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Donor Stories: Sonna & Norm Loewenthal

We both grew up in northeastern suburbs. In North Jersey it was mostly Jewish and Italian; near Boston mostly Jewish and Irish.  Neither of us had to explain why we were absent from school on those days in September.  We and half of our classmates went to religious school at one synagogue or another. Neither of us had to think about our identities as Jewish kids.

Then we moved to Chapel Hill, a town with no synagogue.  In 1980, our daughter came home from kindergarten informing us of the Baptist view of the universe, and we had to think about our identities and those of our children.  We realized that we could no longer be so passive about our religion, and that that heritage would not be passed on to our children simply by osmosis.  We immediately joined Judea Reform Congregation and enrolled our daughter in religious school.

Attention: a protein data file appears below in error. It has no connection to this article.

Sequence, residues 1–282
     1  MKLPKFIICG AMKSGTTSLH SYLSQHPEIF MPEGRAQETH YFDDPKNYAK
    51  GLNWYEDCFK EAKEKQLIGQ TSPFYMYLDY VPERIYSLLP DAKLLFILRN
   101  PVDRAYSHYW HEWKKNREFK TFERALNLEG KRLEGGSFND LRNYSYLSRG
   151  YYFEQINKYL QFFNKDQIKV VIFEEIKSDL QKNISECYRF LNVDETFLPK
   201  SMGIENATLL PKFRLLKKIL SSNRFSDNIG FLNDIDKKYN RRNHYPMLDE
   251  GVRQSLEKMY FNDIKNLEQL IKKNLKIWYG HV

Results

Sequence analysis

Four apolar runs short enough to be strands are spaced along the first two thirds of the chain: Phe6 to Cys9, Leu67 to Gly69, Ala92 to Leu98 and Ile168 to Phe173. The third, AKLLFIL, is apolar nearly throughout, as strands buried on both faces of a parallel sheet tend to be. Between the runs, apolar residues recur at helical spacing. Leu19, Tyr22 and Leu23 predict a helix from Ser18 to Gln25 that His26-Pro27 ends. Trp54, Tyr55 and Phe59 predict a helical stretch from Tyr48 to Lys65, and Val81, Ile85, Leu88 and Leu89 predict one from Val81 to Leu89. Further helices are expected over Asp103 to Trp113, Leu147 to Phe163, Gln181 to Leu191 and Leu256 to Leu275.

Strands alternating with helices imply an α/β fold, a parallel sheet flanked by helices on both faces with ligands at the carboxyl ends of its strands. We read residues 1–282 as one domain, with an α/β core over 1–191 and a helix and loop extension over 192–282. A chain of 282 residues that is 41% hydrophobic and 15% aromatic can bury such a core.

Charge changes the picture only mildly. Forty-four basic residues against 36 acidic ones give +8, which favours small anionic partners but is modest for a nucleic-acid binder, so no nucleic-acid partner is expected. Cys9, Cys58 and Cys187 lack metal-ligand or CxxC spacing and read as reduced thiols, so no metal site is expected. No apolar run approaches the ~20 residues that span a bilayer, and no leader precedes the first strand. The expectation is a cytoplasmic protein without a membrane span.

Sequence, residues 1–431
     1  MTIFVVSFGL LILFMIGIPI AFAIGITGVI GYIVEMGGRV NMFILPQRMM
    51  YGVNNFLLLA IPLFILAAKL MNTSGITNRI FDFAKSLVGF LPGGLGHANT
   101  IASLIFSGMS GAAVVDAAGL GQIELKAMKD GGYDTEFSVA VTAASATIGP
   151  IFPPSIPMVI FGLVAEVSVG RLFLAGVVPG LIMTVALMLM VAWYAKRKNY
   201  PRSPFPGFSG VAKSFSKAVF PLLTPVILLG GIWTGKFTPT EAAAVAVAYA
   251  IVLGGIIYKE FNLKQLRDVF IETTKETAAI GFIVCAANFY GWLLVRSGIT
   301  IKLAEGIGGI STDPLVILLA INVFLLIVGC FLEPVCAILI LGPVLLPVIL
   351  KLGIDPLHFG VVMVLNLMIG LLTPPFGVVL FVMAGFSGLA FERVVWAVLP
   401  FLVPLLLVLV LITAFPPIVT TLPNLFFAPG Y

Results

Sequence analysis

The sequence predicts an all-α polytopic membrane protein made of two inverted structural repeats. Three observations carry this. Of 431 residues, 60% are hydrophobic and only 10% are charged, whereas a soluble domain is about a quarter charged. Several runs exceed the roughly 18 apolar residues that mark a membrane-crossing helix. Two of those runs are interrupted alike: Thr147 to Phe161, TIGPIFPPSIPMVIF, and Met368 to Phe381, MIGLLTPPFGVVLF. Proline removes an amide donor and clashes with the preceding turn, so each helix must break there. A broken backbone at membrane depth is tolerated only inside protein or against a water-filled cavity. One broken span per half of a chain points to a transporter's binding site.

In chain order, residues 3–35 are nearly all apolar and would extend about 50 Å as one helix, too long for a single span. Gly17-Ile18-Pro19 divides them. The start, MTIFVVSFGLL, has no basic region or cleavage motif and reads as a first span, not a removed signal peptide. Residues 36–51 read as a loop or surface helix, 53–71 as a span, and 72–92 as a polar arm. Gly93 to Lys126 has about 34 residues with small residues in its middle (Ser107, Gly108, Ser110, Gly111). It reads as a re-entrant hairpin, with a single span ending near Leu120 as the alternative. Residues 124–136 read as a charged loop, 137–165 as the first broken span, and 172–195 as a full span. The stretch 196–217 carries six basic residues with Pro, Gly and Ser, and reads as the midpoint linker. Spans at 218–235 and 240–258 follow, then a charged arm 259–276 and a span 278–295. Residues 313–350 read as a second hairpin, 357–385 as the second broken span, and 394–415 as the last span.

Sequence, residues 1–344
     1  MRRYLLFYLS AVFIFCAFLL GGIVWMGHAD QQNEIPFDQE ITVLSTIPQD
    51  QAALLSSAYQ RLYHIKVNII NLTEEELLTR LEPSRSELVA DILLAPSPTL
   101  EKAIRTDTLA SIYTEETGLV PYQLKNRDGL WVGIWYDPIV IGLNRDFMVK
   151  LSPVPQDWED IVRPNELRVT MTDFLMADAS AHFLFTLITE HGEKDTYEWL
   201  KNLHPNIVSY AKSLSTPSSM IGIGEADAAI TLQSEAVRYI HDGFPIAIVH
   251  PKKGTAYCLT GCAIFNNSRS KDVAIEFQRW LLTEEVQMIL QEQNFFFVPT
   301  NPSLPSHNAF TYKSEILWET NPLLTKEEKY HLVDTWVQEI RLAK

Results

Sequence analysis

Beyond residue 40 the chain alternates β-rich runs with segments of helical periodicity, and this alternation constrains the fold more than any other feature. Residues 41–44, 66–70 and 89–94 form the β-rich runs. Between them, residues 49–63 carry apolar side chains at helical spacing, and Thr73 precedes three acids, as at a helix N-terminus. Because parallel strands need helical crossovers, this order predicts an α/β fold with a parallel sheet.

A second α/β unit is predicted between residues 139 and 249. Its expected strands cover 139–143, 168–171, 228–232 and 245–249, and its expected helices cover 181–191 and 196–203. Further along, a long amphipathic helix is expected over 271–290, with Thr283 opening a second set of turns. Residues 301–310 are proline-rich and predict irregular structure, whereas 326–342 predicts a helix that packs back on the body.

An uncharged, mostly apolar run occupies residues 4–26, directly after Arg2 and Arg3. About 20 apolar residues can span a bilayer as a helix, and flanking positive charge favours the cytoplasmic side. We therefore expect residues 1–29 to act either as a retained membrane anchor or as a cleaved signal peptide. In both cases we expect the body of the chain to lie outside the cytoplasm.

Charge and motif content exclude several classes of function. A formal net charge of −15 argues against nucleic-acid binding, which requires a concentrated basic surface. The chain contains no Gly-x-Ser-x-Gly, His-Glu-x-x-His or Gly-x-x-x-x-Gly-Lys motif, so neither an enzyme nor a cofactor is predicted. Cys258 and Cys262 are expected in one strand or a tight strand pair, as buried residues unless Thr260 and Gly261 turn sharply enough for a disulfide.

How grateful we were that Judea Reform Congregation existed and that there was a religious school open and operating when we sought it!  People before us had built the institution that lasted beyond their personal needs and that provided us the means to ensure a Jewish education for that little girl and the brother who came after her.  As for her parents, it provided a vibrant Jewish setting within which we have been able to experience community, involvement, and the connection with our heritage, which have meant so much to us.  We are thankful for the foresight and generosity of those earlier generations who created and nurtured an institution to help the Jewish people endure.

We feel fortunate to be able to leave a legacy gift to Judea Reform, to know that we are helping to ensure that a thriving Jewish institution will last into the future for any and all who may seek it, just as our forebears did for us.

Thu, June 30 2022 1 Tammuz 5782